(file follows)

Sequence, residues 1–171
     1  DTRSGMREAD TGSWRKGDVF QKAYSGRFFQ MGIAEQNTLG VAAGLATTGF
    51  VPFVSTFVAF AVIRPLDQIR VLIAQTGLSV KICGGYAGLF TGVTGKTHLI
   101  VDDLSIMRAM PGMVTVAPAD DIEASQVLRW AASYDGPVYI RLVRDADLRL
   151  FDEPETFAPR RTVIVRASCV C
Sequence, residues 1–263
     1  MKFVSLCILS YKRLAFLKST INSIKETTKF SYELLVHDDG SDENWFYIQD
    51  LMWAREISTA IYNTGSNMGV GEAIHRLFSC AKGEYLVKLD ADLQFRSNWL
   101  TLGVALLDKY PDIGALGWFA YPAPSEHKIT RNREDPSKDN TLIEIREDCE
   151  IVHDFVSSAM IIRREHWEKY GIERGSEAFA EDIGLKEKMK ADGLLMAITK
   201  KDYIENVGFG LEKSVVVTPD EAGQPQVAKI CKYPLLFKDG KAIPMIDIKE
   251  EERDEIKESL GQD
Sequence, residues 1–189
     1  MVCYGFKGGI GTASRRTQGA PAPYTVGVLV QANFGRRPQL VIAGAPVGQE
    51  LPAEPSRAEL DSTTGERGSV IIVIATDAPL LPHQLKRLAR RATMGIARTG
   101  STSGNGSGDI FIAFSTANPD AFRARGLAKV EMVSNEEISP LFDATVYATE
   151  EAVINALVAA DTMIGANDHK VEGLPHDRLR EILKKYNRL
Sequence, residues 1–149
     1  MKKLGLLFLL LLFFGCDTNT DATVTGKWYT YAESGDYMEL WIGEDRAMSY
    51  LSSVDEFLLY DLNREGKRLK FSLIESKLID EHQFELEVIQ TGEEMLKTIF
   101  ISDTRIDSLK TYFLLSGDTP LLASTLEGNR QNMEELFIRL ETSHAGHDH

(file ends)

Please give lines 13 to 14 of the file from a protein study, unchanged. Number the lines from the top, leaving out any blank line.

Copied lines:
Sequence, residues 1–189
     1  MVCYGFKGGI GTASRRTQGA PAPYTVGVLV QANFGRRPQL VIAGAPVGQE